Back to camp for breakfast. I settled for coffee and oj since lunch will be in four hours. Way too much food here with limited walking, stay in your hut at night unless accompanied, so no evening walk after dinner.  Skipped lunch yesterday - so will have it today to experience the full range of fare.

Afternoon/evening safari was great.  Photographed Cape Buffalo enjoying their .. favorite watering hole.  Bulls, cows and calves swimming in the water and congregating around the pool.  Later on a baboon posed nicely for its photo.

Did some floodlight spotting in the way back to camp and dinner, then packed for transfer to Kapama Buffalo Camp tomorrow.

]]> (Visions By Wes Photography) Sanders animals landscapes photography safari slide show Mon, 30 May 2016 18:00:00 GMT
African Safari Journal April 16

April 16th:  Makalali Private Game Lodge

Wake up call at 5:20. Quick coffee and pastry the off on the morning photo safari. Besides some repeats from yesterday saw more variety of antelope than I can remember.  Will match photos to guidebook when I get home.

Spotted a couple of lionesses with their cubs.  Could hear the males calling them from their hiding place in the brush.  Lots of giraffes today including one very pregnant female.  Saw  adult elephants feeding in the woods and drinking at a watering hole, but no kids today. When we returned to camp, breakfast was slightly delayed because a monkey had jumped the fence and committed mayhem on the eggs.

Going to explore the camp a bit before lunch, tea, and the evening safari. - got a photo of the monkey that delayed breakfast - posted here looking to score a scone at high tea.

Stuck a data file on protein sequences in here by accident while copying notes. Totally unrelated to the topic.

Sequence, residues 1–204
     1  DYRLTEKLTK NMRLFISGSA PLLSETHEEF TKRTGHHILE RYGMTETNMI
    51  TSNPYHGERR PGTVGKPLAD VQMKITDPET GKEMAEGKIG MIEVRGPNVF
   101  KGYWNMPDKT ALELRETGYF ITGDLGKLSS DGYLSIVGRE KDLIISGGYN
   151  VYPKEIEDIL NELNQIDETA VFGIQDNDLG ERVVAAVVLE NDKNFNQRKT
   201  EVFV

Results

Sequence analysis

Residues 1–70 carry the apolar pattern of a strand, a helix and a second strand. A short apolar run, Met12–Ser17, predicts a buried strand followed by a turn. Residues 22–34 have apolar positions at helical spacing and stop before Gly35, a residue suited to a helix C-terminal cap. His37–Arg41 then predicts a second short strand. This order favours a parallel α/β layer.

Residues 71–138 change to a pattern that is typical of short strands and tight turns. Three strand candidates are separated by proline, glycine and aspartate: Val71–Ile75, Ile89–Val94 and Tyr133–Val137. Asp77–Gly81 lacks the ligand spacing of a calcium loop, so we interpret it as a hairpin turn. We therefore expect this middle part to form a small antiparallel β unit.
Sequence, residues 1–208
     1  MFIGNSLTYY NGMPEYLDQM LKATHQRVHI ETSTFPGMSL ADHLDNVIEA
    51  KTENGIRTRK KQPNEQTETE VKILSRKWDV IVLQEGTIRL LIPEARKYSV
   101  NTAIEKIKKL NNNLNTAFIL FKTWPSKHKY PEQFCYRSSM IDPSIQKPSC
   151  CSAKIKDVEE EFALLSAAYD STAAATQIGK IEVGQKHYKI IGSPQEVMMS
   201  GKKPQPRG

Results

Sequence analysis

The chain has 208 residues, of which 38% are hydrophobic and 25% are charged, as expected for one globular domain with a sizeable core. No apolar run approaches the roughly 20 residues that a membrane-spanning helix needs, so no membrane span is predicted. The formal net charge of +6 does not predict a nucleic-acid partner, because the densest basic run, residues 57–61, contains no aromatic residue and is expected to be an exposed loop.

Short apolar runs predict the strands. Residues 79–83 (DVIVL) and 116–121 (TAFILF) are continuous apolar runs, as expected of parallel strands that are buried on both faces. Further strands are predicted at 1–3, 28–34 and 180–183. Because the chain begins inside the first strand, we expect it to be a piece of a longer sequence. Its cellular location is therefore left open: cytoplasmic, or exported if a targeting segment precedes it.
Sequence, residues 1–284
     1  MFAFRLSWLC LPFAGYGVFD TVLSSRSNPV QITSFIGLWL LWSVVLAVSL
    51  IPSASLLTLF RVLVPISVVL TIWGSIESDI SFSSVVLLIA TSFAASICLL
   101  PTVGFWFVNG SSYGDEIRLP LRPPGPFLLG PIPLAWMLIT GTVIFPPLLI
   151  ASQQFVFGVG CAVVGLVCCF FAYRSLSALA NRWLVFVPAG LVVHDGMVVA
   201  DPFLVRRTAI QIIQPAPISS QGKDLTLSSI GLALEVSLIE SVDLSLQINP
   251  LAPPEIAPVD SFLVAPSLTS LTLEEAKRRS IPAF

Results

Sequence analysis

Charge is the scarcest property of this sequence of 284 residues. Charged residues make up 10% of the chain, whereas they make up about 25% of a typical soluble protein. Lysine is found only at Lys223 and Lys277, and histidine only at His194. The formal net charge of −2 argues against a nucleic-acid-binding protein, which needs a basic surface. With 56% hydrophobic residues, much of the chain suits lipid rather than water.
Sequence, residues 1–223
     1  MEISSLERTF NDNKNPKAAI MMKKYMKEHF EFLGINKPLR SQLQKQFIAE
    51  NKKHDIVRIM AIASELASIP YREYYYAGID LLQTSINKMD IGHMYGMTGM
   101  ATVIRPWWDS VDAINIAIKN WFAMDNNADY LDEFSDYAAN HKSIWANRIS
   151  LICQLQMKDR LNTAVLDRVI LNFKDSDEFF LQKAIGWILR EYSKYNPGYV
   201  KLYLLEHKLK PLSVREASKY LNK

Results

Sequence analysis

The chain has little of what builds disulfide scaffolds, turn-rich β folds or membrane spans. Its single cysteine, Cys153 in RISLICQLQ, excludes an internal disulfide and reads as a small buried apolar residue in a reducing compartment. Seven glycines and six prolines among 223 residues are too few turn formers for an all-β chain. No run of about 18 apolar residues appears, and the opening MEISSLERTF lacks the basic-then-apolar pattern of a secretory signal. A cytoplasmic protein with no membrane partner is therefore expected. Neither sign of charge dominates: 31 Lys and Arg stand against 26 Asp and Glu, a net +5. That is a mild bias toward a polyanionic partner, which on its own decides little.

Evening safari was great. Photos of new animals included white rhinos, a wild dog family, hyena.  No luck on the cheetah or leopards this trip

Nice late dinner included lamb steaks. Already it is 9:30, wake up call is 5 AM for dawn game drive.


]]> (Visions By Wes Photography) Sanders animals color landscapes photography safari slide show Sun, 29 May 2016 18:00:00 GMT
African Safari Journal April 15 April 15th: Krueger Park

Up at six this morning to catch plane to Hoedspruit Airport located inside Greater Krueger National Park. This was followed by a scenic overland transfer (read bumpy) to Makalali Private Reserve.  A quick bite of lunch, change of clothes and then head out on the afternoon/evening game photo hunt.  Some success - saw giraffes, wildebeasts, gnus, impalas, zebras. This reserve is known for it's reclusive leopard population. Hope to get lucky.

Game drives are done in Landrovers that can accommodate up to 9 guests, though we generally had 5-6 guests so everyone had an outside seat for a good view of the animals. The game ranger drives and the tracker rides the seat over the bumper for a better view of animal tracks

Nice BOMA supper on return and then collapsed in bed for tomorrow's 5:30 wake up call.

]]> (Visions By Wes Photography) Sanders animals birds color game drive safari slide show Sat, 28 May 2016 18:00:00 GMT